Making a DIY Shoe Rack (An Easy Woodworking Project)

I have a shoe mountain problem, and today I’m making the solution: a shoe rack. Which is quite exciting.

Really I should have made some sort of shoe organizer a long time ago.

I’ve also been looking forward to tackling a woodworking project for a while now. Between the two of us, Michael is the faster woodworker so whenever we have woodworking tasks on a time crunch, typically he handles them. But I wanted to take out some time just for myself to practice.

Play Video

This post was sponsored by The Home Depot and contains affiliate links.

Step 1

The first section I tackled was putting together what would become the shelves. These were primarily made up of sections of 1x2s, so I measured out my lengths, marked my wood, and started cutting down sections using a jigsaw.

Step 2

I grabbed some corner clamps to dry-fit each set of pieces into a framed shape, to make sure that everything looked and felt dimension-wise how I wanted it and give me the opportunity to make changes if I wanted to. Then I added some Titebond Quick and Thick to each joint and clamped it together tightly. I repeated this with each shelf. The main point of this first step was tacking the basic frame into place for a base to get the slats in. The slats will build up the sturdiness.

Step 3

Next, I needed to add a ledge for my slats to sit on top of. I cut 1x1s down on the bandsaw to fit within each frame. Once I knew I had the length right, I cut a bunch of them and started gluing with Titebond III wood glue.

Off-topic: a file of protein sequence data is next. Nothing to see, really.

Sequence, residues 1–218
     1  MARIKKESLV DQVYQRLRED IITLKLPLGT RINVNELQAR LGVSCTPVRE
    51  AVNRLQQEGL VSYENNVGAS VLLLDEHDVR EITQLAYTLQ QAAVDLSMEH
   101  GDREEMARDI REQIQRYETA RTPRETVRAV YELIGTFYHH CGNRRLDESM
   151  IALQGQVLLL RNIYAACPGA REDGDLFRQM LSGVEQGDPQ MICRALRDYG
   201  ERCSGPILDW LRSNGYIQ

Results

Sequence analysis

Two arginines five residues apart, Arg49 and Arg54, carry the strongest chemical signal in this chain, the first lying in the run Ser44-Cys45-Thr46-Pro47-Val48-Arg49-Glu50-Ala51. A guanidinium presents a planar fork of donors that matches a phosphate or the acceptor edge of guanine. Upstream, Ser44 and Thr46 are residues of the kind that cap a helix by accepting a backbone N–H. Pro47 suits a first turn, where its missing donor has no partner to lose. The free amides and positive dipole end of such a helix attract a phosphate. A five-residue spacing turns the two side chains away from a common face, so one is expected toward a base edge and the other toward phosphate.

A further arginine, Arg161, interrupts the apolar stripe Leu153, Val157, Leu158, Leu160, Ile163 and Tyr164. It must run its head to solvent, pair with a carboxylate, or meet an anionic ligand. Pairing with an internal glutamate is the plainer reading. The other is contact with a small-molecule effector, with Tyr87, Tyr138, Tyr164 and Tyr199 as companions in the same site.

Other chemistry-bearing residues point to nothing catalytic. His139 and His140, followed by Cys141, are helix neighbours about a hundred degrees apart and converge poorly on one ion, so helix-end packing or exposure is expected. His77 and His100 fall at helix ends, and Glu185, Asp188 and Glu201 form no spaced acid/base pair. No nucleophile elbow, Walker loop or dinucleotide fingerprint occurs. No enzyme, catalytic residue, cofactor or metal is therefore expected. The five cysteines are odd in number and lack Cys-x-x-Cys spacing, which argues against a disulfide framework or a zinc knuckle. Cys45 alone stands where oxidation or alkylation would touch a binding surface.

Step 4

I got all four shelves glued up and let them dry overnight before getting started on the first horizontal slats using some more 1×2 poplar. I repeated all of this four times over and once again, let it all dry. Each shelf got three 1×1 horizontal slats. 

Step 5

Then I grabbed some sawdust and mixed it with wood glue to make wood putty. There were a few gaps that needed to be filled before I sanded everything down. I sanded first with an 80 grit and then a second time with the 150 grit. 

Step 6

To attach the shelves to the outside piece, I went into the lip on the bottom of each shelf piece with a two-inch drywall screw, leaving the screw head in a hidden spot and the outside of the shelf looking completely unmarked.

I got pilot holes into the undersides of each shelf using a countersink bit on my Makita power drill. I put four holes in each shelf. From there, it was a matter of lining everything up and screwing it into place using the impact driver. We also added a line or two of wood glue to each seam for some added rigidity. 

Step 7

To visually balance the top out, I wanted to trim the sides’ overhang down to be two inches. I was able to do this really easily with my Makita circular saw. Then the sides got a good sanding as well. Finally, I went in and blew off all the sawdust to get the wood nice and clean before paint.

Step 8

In a last-second change of heart, I decided I did want to add some quick and simple feet to this to help it sit better on an uneven floor. I just sketched out what I wanted and then cut it away with a jigsaw. 

Step 9

Then it was painting time! I started with a sand-able filler primer. I had found some extra trim paint from the front hallway of my house, so it seemed like a natural choice to paint the shoe rack that color. I started by cutting in the edges, and then I used my paint roller everywhere it was feasible to do so because rolling the paint on, in my opinion, gives a much more desirable texture to the paint. This took about two to three coats in some areas to be as even as I wanted it to be.

The Final Result

This build was a sure success, and it eliminated the mountain of shoes in my entryway! Much needed.

Share on facebook
Share on linkedin
Share on twitter
Share on reddit
Share on pinterest
Share on whatsapp

More Great Projects!


Powered By MemberPress WooCommerce Plus Integration